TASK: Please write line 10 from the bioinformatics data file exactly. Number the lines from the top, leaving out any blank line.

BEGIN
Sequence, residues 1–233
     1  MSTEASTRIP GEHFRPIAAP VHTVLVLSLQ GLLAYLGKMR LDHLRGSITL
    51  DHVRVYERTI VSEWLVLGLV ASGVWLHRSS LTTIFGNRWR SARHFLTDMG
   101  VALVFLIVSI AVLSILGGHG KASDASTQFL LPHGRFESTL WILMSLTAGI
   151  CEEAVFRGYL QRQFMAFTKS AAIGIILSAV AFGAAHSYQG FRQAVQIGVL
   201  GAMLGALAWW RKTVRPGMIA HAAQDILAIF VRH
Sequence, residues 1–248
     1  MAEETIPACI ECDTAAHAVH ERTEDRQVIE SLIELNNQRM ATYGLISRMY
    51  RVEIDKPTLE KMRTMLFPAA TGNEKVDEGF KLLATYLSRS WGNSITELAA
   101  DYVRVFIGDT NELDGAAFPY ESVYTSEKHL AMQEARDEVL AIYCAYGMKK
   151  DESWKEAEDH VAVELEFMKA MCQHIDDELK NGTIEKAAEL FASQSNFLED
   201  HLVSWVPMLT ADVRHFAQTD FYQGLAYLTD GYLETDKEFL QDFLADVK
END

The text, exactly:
   101  DYVRVFIGDT NELDGAAFPY ESVYTSEKHL AMQEARDEVL AIYCAYGMKK